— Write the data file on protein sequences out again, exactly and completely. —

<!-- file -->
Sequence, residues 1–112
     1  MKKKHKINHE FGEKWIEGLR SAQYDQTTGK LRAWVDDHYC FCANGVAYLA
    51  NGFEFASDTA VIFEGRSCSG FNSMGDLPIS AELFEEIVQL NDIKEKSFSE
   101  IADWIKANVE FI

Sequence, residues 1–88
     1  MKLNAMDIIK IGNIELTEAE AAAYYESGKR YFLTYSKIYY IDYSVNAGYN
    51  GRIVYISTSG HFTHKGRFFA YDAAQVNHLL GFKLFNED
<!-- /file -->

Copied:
Sequence, residues 1–112
     1  MKKKHKINHE FGEKWIEGLR SAQYDQTTGK LRAWVDDHYC FCANGVAYLA
    51  NGFEFASDTA VIFEGRSCSG FNSMGDLPIS AELFEEIVQL NDIKEKSFSE
   101  IADWIKANVE FI

Sequence, residues 1–88
     1  MKLNAMDIIK IGNIELTEAE AAAYYESGKR YFLTYSKIYY IDYSVNAGYN
    51  GRIVYISTSG HFTHKGRFFA YDAAQVNHLL GFKLFNED